UK economy contracts in August, adding to risk of recession

The UK gross domestic product data showed that the economy contracted by 0.3% in August, against expectations for zero growth and vs 0.2% expansion in July.

Annualized figure pointed to continuous and strong slowdown in economic growth, as the economy grew by 2.0% in August, down from 4.4% expansion in July and a spike to 8.7% in June, falling below consensus for 2.4% growth.

This was the first contraction since March 2021 when the economy was hit by the fresh waves of coronavirus infections.

The separate report showed that Britain’s manufacturing production continues to slow, with monthly figure falling by 1.6% in August from 1.1% drop in July and against forecast for 0.2% expansion, while annualized manufacturing production was down by 6.7% from 5.2% drop previous month and strongly disappointing expectations from 0.8% growth.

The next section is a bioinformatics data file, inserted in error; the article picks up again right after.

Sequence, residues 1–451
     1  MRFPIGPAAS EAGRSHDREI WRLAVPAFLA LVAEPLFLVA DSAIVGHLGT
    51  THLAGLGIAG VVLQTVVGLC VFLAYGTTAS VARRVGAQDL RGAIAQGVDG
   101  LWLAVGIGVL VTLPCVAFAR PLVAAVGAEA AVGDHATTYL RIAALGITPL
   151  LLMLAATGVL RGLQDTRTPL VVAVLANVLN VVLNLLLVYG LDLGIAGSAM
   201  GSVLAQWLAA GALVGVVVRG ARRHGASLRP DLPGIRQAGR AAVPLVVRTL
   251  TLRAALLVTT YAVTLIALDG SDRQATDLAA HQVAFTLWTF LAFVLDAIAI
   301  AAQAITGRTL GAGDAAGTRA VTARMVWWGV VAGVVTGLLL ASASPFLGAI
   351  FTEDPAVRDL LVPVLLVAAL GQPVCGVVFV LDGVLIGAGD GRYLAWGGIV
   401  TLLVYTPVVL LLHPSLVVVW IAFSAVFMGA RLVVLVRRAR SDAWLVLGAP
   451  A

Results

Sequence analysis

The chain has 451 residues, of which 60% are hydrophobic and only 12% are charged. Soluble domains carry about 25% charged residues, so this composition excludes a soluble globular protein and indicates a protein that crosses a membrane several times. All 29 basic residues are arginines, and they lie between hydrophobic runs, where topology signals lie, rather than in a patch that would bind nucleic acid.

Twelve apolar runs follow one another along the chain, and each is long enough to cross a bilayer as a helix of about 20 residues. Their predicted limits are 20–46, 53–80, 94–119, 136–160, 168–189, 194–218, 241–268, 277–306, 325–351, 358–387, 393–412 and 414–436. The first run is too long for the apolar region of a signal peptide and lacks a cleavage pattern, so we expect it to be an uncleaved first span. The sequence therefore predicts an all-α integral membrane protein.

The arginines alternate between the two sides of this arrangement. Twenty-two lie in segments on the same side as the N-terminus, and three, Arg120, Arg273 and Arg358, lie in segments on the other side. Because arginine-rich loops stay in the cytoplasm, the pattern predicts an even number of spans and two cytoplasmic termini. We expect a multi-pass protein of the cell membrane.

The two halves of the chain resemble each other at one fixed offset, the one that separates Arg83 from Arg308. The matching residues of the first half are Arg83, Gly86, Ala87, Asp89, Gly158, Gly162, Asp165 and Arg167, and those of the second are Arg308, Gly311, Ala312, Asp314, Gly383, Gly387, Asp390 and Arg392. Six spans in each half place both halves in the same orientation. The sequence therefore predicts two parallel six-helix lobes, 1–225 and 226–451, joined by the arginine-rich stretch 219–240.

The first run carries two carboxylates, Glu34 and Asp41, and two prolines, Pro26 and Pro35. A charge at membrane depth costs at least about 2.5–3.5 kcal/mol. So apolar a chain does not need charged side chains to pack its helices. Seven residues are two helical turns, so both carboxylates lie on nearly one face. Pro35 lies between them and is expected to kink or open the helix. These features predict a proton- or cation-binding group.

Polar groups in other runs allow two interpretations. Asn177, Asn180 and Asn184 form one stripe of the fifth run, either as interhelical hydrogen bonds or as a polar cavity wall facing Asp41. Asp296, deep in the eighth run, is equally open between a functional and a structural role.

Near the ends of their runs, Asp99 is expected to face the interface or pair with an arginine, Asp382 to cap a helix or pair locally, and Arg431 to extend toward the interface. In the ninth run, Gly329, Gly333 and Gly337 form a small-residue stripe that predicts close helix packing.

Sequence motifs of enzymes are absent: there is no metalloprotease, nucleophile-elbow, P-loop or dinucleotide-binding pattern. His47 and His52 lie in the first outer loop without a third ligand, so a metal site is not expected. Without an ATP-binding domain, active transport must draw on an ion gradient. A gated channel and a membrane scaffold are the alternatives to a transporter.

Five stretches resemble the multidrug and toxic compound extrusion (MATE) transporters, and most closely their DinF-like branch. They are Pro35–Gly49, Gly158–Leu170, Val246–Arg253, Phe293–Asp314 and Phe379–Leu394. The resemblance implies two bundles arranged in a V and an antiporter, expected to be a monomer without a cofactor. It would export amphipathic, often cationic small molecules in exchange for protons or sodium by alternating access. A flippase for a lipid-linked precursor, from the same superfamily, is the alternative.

Inflation was among main contributors to contraction as sharp rise in prices continues to squeeze household finances and hit consumers that prompts the Bank of England to further raise interest rates and slow economic growth.

Weakness in manufacturing and maintenance work in North Sea oil and gas fields weighing was an additional obstacle for growth, with overall weakening picture adding to signals that the economy is set to enter recession.

Economists remain pessimistic and expect the economy to remain in recession through 2023, compared to a bit more optimistic view from the International Monetary Fund, which sees the British GDP growing marginally by 0.3% next year.